Bearing Burdens After Obamacare: The Future of Christian Healthcare Sharing

The Affordable Care Act put Christian insurance alternatives on the map. What happens to them when it goes away?
Bearing Burdens After Obamacare: The Future of Christian Healthcare Sharing

Despite President Donald Trump’s executive order to begin dismantling Obamacare, a record number of Americans signed up for marketplace plans during the 2017 enrollment period, which ended Tuesday.

Meanwhile, the number of Christians taking advantage of religious exemptions to the Affordable Care Act (ACA) also reached an all-time high. As of January, well over 625,000 believers belong to health care sharing ministries—more than triple as many as when the Obama administration enacted the legislative overhaul of the health insurance market in 2010.

Nashville videographer Matt Horvath joined Medi-Share last month, after leaving his employer’s plan when he started his own business. He and his wife settled on health care sharing—where fellow members pay a few hundred dollars a month to cover each other’s major medical bills—after they struggled to find major insurance carriers in their state that offered individual plans or affordable options through the ACA marketplace.

Horvath and other members of such ministries (provided the organizations have been functioning since before the year 2000) are exempt from the ACA’s individual mandate, which penalizes Americans without health insurance. Days after Trump took office, adviser Kellyanne Conway indicated that the President would not be enforcing the mandate any longer. The eventual end to the individual mandate will do away with the need for a religious exemption.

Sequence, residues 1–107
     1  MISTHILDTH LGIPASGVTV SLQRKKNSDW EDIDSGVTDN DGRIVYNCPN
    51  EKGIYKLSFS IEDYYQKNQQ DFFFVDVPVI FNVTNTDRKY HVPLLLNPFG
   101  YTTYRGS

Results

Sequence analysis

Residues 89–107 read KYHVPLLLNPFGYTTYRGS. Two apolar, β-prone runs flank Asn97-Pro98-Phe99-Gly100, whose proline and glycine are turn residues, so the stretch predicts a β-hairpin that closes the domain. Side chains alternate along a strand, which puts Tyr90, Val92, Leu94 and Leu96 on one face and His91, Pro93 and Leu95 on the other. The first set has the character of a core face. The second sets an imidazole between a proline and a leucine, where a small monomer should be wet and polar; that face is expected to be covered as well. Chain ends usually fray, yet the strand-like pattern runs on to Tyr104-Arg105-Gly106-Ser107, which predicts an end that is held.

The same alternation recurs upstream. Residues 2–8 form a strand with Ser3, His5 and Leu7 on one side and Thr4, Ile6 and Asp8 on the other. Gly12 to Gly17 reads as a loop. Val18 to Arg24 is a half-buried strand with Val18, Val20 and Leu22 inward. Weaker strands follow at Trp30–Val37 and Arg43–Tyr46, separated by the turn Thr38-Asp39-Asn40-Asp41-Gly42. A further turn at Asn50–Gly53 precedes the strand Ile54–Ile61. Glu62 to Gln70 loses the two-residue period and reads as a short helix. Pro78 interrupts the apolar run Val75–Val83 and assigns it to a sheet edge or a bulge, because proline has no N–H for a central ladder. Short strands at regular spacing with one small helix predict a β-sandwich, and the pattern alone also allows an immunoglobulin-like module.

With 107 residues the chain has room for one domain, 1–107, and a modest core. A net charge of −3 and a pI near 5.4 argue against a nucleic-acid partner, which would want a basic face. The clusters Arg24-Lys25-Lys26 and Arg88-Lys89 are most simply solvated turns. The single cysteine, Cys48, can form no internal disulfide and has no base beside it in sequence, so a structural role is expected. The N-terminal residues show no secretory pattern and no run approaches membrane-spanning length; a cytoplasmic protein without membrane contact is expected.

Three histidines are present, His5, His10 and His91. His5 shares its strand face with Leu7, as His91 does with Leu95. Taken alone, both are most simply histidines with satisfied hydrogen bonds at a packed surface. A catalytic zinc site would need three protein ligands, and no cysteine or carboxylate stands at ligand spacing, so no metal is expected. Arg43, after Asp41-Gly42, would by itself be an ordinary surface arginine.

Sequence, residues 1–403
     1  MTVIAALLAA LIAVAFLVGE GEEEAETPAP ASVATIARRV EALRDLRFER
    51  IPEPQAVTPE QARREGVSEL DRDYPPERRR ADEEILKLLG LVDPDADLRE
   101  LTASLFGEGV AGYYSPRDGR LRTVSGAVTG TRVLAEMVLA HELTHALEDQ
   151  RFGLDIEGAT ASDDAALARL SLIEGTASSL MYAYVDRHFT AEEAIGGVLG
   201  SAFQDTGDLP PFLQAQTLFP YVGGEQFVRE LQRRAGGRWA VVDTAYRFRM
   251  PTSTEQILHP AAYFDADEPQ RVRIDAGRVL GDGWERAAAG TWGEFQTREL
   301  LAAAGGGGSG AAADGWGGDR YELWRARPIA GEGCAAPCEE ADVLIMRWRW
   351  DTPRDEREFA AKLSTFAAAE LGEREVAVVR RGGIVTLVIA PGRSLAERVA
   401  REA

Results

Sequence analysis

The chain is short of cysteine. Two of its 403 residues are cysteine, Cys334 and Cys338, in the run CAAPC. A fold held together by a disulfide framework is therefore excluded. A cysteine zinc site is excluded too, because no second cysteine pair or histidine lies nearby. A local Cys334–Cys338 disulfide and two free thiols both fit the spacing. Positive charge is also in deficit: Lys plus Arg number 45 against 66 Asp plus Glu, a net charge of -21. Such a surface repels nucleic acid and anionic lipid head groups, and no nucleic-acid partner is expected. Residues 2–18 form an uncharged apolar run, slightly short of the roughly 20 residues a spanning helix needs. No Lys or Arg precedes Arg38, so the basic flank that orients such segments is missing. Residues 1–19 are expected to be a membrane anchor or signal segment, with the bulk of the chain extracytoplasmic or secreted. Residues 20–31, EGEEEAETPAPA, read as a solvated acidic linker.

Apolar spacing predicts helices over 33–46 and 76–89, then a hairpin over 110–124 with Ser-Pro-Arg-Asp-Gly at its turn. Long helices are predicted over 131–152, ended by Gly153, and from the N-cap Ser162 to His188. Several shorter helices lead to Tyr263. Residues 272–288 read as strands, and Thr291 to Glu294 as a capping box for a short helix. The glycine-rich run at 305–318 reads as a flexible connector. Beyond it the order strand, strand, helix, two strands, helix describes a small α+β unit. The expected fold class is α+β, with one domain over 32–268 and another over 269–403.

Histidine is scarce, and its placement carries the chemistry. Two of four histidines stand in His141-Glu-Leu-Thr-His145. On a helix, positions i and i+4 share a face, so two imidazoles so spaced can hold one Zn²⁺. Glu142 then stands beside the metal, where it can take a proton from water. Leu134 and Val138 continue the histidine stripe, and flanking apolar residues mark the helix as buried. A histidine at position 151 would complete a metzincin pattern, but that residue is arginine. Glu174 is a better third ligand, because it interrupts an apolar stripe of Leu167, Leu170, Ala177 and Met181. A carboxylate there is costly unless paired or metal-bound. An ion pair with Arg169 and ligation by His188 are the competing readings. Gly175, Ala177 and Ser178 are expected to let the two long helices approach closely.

Between that announcement and Trump’s executive order urging agencies to ease ACA requirements, “it’s a pretty significant step,” said Anthony Hopp, spokesman for Samaritan Ministries. “Things are definitely in motion. But we anticipated that with Trump.”

Samaritan Ministries, Medi-Share, and Christian Healthcare Ministries are among the biggest heath care sharing groups, and they’ve watched their numbers climb under the ACA. When Hopp joined Samaritan in 1997, the organization served 1,000 households. By the time he spoke to CT in January, that number was up to 68,200—over 221,000 people total.

After a mostly unexpected boost over the past few years, these ministries are unsure how Trump will go about repealing and replacing Obamacare—particularly how his policies might impact the demand for insurance alternatives.

But given the satisfaction among their members—content to trust God and one another for their medical bills—they aren’t worried about Christians fleeing back to the insurance side. As insurance costs keep rising, the cost-sharing movement is actually looking at the new landscape as a chance to expand beyond individual plans to organizational and corporate setups.

“Health care sharing ministries existed before the ACA, God willing, they thrived during the ACA, and they will survive after,” Hopp said.